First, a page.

With the fire sale purchase of First Republic Bank, JP Morgan’s (NYSE: JPM) CEO Jamie Dimon told the world that “This part of the crisis is over…The American banking system is extraordinarily sound.”
Well. I know I feel better. Don’t you?
Of course Dimon’s “all clear” statement is all about sentiment. “Trust” and “faith” and “confidence” are the bedrock for any individual bank or banking system.
Depositors have to feel confident that their money is safe, that the bank’s lending standards are robust enough to ensure that loans will be repaid. And that the banks “cash equivalent” holdings – ie U.S. Treasury bonds – are sufficient to cover expenses and withdrawals.
The problem is that accounting standards tilt the playing field in any banks’ favor. Because banks are allowed to report their asset value at the price they paid for those assets, not at what price those assets could be sold for right away – today.
This means that bank management can operate under a false sense of security. Because a bank’s financial health can look solid on paper. But if you have to turn balance sheet paper into the kind of paper depositors want when they start pulling their funds out, well, that’s a different matter.
And for depositors, the gray area between what a bank says its worth and what it’s actually worth on any given day is what fires the imagination. It’s pretty well documented that the bank run that crushed Silicon Valley Bank started in the rumor mill. And it seems pretty clear that the same rumor mill dynamic took down First Republic Bank – it lost half its deposit base, $100 billion dollars, in about a month.
So if the crisis really is over, JP Morgan will make out like a bandit. Because Dimon’s First Republic maneuver will add $92 billion in deposits and $173 billion in loans to JP Morgan’s balance sheet. Plus, it will get favorable terms from the FDIC to borrow $50 billion for 5 years.
Yep, America’s biggest bank just got bigger. And as near as I can tell, the cost to JP Morgan will be an immediate $10 billion payment to the FDIC. There’s also the matter of the $30 billion loan that JP Morgan, Bank of America, Citigroup and 8 other big banks made to First Republic in mid-March.
Of course JP Morgan’s on the hook for this loan, but I bet those banks will accept equity instead of cash, meaning that the cost will be offloaded onto JP Morgan shareholders.
JP Morgan will gain an estimated $500 million in annual net income right away.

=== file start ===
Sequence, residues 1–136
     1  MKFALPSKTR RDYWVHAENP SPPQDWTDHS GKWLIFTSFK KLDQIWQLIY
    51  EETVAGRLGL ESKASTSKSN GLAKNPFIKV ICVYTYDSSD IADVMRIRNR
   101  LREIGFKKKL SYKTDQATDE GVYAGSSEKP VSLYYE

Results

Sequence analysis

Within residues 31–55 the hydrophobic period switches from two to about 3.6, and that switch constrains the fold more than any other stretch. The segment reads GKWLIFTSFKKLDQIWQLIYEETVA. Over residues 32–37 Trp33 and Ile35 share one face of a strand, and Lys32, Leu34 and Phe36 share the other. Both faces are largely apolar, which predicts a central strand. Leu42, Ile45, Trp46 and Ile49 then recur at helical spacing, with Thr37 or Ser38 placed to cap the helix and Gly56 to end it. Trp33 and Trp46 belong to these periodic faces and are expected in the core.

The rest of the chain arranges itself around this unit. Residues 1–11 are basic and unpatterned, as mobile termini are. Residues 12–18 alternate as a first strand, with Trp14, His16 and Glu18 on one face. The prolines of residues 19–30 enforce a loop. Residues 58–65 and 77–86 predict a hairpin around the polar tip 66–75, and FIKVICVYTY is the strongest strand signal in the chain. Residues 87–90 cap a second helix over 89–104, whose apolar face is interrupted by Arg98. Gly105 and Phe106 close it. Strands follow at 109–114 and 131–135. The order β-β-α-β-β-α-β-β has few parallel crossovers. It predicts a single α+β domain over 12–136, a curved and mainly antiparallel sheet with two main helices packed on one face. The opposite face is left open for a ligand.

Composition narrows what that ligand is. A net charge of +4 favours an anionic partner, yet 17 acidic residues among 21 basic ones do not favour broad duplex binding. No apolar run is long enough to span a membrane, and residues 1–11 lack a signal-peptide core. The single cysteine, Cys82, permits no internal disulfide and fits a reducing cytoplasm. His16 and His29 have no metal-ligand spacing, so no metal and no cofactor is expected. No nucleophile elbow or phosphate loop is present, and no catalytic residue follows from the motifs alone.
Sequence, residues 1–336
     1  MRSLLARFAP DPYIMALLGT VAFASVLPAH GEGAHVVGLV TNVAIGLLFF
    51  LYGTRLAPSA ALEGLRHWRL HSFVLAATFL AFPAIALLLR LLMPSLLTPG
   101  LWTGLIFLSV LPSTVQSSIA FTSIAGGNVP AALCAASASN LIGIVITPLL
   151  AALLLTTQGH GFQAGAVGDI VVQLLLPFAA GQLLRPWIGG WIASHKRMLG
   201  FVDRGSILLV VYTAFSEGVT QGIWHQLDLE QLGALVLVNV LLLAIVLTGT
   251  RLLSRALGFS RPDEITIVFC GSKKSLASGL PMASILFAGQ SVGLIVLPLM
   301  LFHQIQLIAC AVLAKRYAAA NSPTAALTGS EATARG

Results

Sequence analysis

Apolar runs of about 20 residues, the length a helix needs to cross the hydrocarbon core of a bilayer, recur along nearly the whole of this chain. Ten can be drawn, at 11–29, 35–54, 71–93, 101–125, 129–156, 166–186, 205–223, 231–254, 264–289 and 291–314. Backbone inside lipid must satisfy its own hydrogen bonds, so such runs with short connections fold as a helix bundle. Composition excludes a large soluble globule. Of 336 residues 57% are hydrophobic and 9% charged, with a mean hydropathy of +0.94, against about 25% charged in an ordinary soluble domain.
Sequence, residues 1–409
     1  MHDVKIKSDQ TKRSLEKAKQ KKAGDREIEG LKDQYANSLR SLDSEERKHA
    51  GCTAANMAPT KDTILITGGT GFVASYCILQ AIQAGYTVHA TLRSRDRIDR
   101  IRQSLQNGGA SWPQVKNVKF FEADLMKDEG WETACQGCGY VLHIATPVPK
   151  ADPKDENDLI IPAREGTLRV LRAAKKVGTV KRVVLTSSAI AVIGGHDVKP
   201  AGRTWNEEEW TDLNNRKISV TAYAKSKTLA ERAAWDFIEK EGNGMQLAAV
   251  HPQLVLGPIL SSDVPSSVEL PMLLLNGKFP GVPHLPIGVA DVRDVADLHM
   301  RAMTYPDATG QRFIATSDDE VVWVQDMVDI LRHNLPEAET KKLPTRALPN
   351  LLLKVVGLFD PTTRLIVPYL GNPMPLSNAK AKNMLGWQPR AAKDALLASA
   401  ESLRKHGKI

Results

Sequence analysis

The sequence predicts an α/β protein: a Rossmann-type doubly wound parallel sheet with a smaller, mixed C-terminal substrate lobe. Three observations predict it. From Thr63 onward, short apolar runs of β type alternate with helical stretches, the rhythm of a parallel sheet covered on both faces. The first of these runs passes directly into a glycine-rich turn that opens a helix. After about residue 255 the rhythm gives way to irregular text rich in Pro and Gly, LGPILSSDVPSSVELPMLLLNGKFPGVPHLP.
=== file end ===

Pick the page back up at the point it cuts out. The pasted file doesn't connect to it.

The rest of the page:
JP Morgan shares are up around 2.5% as I write. And that tells us all we really need to know: this is a good deal for JP Morgan.
Dimon: “…nothing like 2008, 2009 for a lot of different reasons.”
See, this is where I wish Dimon had just stopped talking.
As a parent, I never had to think about it: I knew on an instinctive level that after finishing a bedtime story to my kids, it was a bad idea to kiss them goodnight and say “Don’t worry, there isn’t a monster in your closet.”
Likewise, there’s really no need to bring the 2008-2009 monster into it at all. Just say the immediate crisis is over and leave it at that.
I remember the Great Financial Crisis pretty well.
I remember Cramer pounding the table that Bear Stearns was a strong buy at $120, a week before it went bankrupt. I remember when Treasury Secretary Hank Paulson on Meet the Press in the summer of 2008 said “this is a very manageable situation.” And I remember Fed Chair Bernanke saying “The Federal Reserve is not currently forecasting a recession” in early 2008.
Again I understand the pivotal role that sentiment plays. And I don’t blame the Jamie Dimon’s of the world for trying to instill confidence in the “system.” I mean, as CEO of America’s biggest bank, that really is part of his job.
One of the big and underappreciated reasons that the 2008-2009 crisis turned into a panic was the unwavering insistence by the “experts” that everything was fine, when everyday Americans could readily see that everything was definitely not fine.
It’s hard to have confidence that the train will stay on the tracks when the conductor is clearly asleep at the wheel.
Chief Investment Strategist
Pro Trader Today